Archive - Sunspots

October 24, 2020


Every weekend we present a notable item from our archives. This EPOD was originally published October 25, 2003.

Provided by: Anthony Ayiomamitis
Summary author: Anthony Ayiomamitis

Last month there was a remarkable series of spots on the Sun. The active region, called sunspot 464, is about as wide as 17 Earths lined up in a row! This means it was easy to see with the unaided eye but never look directly at the Sun without suitable eye protection. Perhaps the most obvious features of the Sun are the sunspots that characterize the photosphere. As the above photo indicates, sunspots are characterized by a dark core, the umbra, where the temperature is about 1600 degrees C less than the surrounding temperature of the photosphere. The penumbra, the lighter envelope typically encompasses the umbral region, is about only 500 degrees C less than the surrounding photospheric temperature.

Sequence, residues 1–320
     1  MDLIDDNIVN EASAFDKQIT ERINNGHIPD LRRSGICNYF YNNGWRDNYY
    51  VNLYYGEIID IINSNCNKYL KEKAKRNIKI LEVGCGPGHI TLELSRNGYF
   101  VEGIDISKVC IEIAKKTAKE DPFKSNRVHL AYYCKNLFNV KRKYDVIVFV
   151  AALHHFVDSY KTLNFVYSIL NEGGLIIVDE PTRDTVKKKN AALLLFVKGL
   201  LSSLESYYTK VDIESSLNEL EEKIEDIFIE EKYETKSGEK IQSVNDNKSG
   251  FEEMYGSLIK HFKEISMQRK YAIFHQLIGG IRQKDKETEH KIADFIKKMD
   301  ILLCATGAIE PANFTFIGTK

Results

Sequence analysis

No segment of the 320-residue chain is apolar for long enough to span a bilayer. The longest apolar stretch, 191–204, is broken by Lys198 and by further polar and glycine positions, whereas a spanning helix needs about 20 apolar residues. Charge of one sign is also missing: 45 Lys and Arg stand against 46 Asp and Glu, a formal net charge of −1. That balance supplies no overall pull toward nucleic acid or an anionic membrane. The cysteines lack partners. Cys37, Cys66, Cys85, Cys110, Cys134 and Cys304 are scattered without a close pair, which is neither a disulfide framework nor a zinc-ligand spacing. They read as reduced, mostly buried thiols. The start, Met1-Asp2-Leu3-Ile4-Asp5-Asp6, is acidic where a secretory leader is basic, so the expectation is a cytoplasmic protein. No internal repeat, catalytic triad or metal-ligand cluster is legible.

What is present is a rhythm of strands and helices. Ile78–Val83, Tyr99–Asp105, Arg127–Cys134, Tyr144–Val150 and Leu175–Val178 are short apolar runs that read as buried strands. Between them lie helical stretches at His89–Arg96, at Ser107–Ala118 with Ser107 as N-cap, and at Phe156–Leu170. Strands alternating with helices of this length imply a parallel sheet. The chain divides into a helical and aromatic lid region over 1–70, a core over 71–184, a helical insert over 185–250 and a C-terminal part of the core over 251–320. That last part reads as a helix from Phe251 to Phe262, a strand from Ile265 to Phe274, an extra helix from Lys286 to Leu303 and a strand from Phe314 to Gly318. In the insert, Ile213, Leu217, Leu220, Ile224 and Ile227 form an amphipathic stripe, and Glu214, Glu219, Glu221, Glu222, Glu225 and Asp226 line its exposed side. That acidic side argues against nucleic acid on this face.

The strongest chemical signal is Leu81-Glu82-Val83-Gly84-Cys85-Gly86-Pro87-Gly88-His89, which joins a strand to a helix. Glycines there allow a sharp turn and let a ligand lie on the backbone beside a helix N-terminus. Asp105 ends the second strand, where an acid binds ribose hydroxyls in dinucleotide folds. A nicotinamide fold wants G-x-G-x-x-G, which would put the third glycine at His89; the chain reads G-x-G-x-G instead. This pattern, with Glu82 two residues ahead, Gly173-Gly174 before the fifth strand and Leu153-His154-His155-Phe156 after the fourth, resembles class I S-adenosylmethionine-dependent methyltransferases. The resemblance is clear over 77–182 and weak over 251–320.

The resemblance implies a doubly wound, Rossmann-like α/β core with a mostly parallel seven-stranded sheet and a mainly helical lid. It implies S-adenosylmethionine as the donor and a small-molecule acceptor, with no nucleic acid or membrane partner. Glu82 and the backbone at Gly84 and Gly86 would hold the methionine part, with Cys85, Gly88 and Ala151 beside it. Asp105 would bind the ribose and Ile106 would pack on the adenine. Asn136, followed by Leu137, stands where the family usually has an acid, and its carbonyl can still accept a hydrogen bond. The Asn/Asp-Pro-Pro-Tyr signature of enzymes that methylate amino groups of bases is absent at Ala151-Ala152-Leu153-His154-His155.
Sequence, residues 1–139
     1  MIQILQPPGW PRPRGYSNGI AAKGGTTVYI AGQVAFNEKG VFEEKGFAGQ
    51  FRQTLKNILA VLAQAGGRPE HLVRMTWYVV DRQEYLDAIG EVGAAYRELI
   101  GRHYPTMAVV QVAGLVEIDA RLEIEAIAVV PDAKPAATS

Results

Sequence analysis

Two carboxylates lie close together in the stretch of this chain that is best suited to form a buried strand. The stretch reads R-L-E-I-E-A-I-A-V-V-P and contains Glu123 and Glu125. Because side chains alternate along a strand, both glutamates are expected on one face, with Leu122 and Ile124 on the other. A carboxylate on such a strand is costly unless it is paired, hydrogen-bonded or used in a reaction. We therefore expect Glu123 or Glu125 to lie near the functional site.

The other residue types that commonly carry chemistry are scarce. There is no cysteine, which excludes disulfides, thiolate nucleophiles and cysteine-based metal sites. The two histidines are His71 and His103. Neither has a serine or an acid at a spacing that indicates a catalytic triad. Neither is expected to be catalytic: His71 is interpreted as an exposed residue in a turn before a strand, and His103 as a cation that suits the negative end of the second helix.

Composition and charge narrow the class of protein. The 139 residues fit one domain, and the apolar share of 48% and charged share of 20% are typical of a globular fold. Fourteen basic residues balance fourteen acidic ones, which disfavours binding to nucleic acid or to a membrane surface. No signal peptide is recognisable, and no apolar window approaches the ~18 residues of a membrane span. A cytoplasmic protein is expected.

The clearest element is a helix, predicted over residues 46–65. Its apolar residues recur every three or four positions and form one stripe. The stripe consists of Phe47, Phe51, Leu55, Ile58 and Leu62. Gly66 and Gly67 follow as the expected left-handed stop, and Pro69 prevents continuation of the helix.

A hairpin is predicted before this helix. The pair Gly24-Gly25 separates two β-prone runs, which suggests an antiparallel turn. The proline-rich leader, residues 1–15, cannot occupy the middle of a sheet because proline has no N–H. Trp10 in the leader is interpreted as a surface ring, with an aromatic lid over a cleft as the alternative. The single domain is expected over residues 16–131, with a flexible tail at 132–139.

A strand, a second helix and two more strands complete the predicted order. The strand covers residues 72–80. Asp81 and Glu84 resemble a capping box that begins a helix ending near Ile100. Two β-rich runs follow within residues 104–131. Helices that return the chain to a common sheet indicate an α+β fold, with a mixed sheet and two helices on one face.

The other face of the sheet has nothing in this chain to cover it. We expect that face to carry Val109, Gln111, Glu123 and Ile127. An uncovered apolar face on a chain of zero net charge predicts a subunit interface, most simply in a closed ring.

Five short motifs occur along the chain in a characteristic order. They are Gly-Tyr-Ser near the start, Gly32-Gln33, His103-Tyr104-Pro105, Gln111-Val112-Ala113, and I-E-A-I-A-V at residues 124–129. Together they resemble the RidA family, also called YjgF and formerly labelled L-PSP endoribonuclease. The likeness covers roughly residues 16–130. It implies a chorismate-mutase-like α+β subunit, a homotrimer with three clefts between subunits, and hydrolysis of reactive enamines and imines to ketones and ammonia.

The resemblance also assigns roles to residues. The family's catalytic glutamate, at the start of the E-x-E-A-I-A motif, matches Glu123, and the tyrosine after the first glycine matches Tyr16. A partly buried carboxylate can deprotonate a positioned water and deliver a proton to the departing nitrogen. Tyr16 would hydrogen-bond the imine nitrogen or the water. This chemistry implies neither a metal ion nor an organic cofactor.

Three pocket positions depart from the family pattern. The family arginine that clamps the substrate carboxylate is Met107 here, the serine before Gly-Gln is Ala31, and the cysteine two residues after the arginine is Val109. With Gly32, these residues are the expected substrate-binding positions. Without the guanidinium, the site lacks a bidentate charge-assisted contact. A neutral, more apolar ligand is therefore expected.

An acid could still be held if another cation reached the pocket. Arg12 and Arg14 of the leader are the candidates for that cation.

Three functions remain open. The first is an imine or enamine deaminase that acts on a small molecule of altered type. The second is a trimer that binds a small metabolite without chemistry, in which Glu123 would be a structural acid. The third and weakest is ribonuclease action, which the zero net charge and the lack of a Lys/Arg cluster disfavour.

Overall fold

Due to the differential rate of rotation of the solar disk (26 days at the equator and 36 days at the poles), there's a twisting of the magnetic fields, which acts to promote sunspot production. Typically, these spots and groups are found to lie + 30 degrees of the solar equator.

See the Earth Science Picture of the Day for April 29, 2003.

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